Three years ago, Ray Gillenwater was the youngest executive at Blackberry, a 27-year-old making $US500,000 a year in total compensation. But he quit to bootstrap a startup called SpeakUp.
SpeakUp is a cool concept, born out the frustration he had at BlackBerry.
SpeakUp is a way for employees to share their insight and ideas with managers and allow other employees to weigh in. Employees can post a solution to a problem and other employees can vote it up, comment, vote it down, or ask questions Quora-style. This can be done named or anonymously.
“Most companies are bad at upward communication. A lot are good at top-to-bottom style communication, the kind the military invented, but very rarely is a company good at extracting insight from employees who know the company and its customers best,” Gillenwater told Business Insider.
“Speak-up is all about constructive input. Managers don’t even see problems, only the best solutions to problems. It’s not a bitch-fest. The idea is to make things better for everyone,” he explains.
The idea came to him two times.
The first was when he was a sales manager for Blackberry in Indonesia. He was about to sign a $US40 million purchase order for the newest phone at the time, the Black Pearl, and as he was looking for the product materials, “I realised that there was no marketing plan to launch this product,” he said.
No marketing plan in the region meant that people wouldn’t actually learn about it and then go out and buy it. And that meant “I wouldn’t be able to get partners to sign on for the next product. Being the person that I am (I don’t have respect for things like politics), I went straight to boss’s boss, tracked down the senior VP of the region while he was at the airport, and told him we needed a marketing plan right away.”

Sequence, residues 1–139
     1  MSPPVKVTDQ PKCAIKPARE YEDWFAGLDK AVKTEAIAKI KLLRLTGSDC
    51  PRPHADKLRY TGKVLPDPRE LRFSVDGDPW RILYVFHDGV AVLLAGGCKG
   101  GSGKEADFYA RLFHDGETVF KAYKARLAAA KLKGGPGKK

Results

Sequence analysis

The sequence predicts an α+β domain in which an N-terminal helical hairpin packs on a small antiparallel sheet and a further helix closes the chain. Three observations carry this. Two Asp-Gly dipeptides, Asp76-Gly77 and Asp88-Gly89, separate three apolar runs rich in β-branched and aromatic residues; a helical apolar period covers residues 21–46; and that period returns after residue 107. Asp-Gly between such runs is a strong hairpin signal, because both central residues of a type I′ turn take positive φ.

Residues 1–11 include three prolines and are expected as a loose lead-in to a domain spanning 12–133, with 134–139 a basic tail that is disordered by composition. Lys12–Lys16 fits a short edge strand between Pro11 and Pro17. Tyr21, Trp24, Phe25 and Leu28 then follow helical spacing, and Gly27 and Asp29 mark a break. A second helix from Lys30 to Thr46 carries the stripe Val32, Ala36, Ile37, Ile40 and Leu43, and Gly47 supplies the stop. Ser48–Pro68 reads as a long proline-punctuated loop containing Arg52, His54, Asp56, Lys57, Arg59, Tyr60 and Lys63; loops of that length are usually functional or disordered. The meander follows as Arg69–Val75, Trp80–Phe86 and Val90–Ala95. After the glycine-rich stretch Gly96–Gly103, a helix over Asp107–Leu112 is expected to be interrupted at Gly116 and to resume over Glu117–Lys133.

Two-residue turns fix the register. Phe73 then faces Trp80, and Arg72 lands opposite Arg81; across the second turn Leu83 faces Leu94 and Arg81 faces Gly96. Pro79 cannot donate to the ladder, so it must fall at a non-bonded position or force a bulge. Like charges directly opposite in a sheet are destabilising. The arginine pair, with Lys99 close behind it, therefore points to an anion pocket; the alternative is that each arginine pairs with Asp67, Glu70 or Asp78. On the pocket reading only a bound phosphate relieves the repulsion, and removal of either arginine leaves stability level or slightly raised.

He agreed, and with his support, a marketing plan was created pronto. But it made Gillenwater wonder how many other employees noticed things and never spoke up, especially if they had to leapfrog their superiors.
“Not everyone was willing to risk their jobs the way I am. How do you get people to focus on business, not on the politics or their own job preservation?”
The second time the idea came to him was when he had just been promoted to be the top guy, the general manager of BlackBerry’s Australia and New Zealand region. He hadn’t lived there, didn’t know the people, and didn’t know BlackBerry’s strengths and weaknesses there. So he met with employees and business partners.
He asked a friend of his who worked for a management consultant firm, “Is there some kind of tool to help me capture all of this team input so we can use it?”
“When it became clear to me that I needed to leave BlackBerry, they were going to delay the BlackBerry 10, again, I decided it was time for me to go,” he says.
A few months later, he turned to his friend, Keith Barney for help. Barney was known as a musician in Orange County, California’s punk scene, but for his day job he worked as a graphic designer. The two became co-founders and SpeakUp was born.
“I put in 350,00 of my own money to get started,” Gillenwater says. “We raised $US350,000 from angels, including the guy at the airport I tracked down, who is now a firm believer in me, and also some guys at Apple, Samsung, and in the HR business.”
SpeakUp officially came out of stealth in September as both a website and an app. Flash forward to February. Gillenwater just turned 30, and SpeakUp now has 400 companies in 380 cities worldwide signed on through its freemium model, he says.
One thing about SpeakUp, he warns. It’s not for every company.
“We are sure not for everyone. One of them is BlackBerry. We aren’t for companies that don’t really care what employees are thinking, who want you to keep your head down and just work,” he says. “But there are a lot of companies that encourage employees to speak up and want to make it safe for them to do so.”
Now they can.
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